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Double Double, Toil & Trouble?

© Rob Wilkerson

Chapter Two Defining the Terms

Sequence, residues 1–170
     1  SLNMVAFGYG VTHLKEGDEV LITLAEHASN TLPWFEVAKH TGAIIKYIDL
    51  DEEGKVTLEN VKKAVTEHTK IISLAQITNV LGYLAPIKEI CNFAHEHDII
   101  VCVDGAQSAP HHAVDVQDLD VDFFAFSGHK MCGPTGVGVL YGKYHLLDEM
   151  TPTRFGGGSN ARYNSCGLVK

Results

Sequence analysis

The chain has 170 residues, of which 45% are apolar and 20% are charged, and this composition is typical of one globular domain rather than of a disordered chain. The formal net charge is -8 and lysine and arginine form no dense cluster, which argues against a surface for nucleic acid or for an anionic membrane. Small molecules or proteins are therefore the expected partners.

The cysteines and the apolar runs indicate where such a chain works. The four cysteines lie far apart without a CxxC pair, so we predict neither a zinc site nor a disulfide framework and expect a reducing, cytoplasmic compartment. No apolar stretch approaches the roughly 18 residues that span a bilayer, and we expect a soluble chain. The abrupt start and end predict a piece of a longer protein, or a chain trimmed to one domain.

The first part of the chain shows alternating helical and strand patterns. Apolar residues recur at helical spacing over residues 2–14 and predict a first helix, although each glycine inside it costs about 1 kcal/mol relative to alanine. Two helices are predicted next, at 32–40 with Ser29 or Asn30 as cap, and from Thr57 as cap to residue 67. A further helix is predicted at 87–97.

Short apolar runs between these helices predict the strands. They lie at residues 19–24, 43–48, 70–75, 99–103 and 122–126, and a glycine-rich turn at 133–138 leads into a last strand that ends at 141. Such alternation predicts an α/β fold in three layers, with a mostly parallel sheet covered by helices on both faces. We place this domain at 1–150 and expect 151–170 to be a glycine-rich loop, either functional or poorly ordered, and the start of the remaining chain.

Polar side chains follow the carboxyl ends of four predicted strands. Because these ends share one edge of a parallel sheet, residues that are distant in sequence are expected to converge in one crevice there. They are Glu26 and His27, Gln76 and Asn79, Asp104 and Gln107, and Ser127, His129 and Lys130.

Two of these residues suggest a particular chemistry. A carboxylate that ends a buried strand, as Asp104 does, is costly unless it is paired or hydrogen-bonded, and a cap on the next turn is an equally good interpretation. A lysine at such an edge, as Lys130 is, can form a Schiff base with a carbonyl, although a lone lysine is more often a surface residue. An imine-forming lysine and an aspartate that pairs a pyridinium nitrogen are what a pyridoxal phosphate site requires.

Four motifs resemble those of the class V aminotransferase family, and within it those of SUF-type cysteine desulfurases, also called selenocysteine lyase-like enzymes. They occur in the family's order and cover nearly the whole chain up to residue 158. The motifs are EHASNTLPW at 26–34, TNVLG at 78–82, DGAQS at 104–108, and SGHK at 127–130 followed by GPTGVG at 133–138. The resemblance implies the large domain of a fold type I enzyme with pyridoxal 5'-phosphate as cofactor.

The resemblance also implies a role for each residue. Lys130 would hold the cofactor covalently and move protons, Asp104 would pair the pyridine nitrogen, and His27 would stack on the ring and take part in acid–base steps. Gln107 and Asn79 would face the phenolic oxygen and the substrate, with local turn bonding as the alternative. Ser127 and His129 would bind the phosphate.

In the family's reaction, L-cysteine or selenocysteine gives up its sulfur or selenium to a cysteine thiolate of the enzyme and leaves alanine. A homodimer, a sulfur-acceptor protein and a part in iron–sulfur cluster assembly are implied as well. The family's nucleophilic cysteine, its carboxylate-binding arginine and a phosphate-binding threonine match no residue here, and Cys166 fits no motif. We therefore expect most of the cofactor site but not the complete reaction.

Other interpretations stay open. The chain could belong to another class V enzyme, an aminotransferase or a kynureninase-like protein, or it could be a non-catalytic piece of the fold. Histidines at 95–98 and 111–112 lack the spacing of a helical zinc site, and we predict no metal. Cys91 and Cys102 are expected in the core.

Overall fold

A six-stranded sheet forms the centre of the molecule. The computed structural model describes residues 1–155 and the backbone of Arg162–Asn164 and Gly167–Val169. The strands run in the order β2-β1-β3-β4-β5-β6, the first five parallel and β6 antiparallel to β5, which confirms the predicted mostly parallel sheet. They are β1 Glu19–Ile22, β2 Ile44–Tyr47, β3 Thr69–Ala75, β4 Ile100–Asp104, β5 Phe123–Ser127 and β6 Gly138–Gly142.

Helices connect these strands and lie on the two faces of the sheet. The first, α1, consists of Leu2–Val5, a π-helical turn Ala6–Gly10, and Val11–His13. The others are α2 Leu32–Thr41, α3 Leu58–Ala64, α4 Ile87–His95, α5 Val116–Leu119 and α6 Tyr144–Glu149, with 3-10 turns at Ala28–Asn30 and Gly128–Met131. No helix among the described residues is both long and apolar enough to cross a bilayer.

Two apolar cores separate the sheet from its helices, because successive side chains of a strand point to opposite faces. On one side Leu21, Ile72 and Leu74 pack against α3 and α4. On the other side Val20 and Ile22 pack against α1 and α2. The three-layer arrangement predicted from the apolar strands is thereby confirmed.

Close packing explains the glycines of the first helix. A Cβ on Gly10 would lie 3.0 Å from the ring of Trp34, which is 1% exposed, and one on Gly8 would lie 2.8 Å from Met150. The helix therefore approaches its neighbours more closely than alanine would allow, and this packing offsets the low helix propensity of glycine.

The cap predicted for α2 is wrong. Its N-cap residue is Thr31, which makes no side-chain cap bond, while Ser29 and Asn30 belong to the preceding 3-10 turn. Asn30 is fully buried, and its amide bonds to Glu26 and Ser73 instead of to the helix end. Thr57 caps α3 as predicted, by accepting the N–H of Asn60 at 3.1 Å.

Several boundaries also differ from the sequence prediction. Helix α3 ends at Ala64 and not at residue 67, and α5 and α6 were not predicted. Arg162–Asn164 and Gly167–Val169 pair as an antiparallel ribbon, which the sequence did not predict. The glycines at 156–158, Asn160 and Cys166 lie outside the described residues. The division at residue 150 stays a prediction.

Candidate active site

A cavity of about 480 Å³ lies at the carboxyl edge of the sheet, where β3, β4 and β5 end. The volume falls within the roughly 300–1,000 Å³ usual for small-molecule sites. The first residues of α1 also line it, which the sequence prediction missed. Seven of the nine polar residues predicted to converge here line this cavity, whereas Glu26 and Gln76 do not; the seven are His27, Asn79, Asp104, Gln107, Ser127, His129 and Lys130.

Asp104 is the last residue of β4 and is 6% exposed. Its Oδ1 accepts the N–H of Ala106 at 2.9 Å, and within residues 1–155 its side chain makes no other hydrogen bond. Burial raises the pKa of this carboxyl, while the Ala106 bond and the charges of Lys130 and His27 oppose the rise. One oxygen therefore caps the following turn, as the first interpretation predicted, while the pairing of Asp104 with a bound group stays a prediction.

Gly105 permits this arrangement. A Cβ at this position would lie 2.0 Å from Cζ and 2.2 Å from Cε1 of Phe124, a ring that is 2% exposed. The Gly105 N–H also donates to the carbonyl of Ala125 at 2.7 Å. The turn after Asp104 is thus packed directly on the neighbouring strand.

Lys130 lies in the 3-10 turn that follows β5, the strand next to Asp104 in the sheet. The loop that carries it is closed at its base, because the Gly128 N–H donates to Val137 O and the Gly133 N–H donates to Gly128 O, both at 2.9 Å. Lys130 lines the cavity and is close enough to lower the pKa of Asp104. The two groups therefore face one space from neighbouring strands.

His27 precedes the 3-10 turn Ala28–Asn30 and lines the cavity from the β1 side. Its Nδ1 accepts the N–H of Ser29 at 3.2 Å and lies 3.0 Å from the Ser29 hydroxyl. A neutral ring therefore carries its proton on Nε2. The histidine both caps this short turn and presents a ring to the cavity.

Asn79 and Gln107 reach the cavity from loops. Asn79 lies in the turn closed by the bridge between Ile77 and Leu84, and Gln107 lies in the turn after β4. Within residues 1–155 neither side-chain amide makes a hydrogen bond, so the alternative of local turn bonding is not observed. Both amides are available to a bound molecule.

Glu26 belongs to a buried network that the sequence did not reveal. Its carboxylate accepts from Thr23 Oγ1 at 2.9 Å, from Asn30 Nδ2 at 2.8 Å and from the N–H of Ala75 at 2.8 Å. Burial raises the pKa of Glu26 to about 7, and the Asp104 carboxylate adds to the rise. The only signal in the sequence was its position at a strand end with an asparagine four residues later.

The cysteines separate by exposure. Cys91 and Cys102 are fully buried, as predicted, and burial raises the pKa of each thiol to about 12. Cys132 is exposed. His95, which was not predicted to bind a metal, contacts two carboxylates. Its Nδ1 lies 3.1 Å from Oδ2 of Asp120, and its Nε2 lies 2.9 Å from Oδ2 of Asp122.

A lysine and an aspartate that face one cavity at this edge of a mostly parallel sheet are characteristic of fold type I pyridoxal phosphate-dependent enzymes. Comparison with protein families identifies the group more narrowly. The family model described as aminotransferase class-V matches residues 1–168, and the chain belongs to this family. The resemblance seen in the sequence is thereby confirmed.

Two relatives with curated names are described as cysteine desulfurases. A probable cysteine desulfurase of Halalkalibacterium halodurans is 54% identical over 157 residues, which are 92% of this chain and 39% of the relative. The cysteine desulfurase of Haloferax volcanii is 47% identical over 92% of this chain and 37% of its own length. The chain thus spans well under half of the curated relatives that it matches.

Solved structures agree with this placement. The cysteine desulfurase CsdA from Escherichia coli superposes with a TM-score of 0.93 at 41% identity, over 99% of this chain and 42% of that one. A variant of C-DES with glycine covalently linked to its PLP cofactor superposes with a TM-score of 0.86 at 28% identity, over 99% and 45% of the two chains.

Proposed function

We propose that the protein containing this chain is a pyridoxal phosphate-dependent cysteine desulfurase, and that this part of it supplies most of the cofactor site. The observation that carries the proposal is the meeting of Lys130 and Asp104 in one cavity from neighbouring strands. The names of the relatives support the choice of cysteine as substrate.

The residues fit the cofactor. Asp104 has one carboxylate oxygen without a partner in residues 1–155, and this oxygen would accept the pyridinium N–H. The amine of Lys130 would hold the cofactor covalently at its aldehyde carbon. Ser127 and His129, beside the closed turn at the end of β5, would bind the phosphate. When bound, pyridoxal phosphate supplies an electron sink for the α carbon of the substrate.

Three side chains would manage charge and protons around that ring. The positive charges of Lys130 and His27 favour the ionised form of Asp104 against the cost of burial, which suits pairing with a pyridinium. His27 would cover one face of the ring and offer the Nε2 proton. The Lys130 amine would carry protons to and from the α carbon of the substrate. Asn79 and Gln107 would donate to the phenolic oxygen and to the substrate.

The inability or unwillingness to properly define terms is one of the biggest reasons why theology causes so many divisions in the body of Christ. It is probably this one factor alone that caused so much conflict in our church. In one church where I pastored several years ago Jim Atkinson, a dear friend and one of our deacons, was wisest in this respect. When the conflict arose regarding Calvinism in our church, he never defined himself as a Calvinist. But neither did he allow another person to name someone else as a Calvinist without first defining the term. He would ask them, “YOU define the term first, and then I’ll know how to answer you.” This is always the wisest move when it comes to matters like this. I tried to follow his pattern. Before a church business meeting one day, someone came up to me and asked me if I really did believe in “that Calvinism stuff.” Learning from Jim I asked the person to first define the word for me before I said “yes” or “no.” They grew frustrated with me and accused me of evading the question, claiming that is the mark of all false teachers. What a nice compliment to give your pastor! I simply responded that I would look foolish to say I did or did not believe in something unless we first identified what he thought it meant. I walked right into that one. I’m sure you can guess this person’s response. “Well you already look foolish either way, don’t you?” I can sure set myself up sometimes. This person didn’t seem to understand the basic logic behind my response. If I didn’t know what they thought Calvinism was, then I might be furthering their misunderstanding of it or else blindly agreeing with something which may bring disastrous consequences. Interestingly, as it turned out, they never could tell me what Calvinism was! So I didn’t tell them whether or not I believed in it! When others label you, ask them to define the label they’ve just used. Chances are, they have no idea what that label means, or if they do, they have some totally “wacked out” understanding of it. So at the outset, let me define the words I’ll be using with my own words. That way, you’ll know what I mean by those words as you are reading, and if you find you are on the other side of the fence from me on this issue, at least you’ll be able to label me correctly! Predestination and Election I’d like to simply define four words. The first two are interrelated: election and predestination. Now, before I begin, I want to you to understand that the aim of this book is to examine in-depth the texts and theological arguments surrounding double-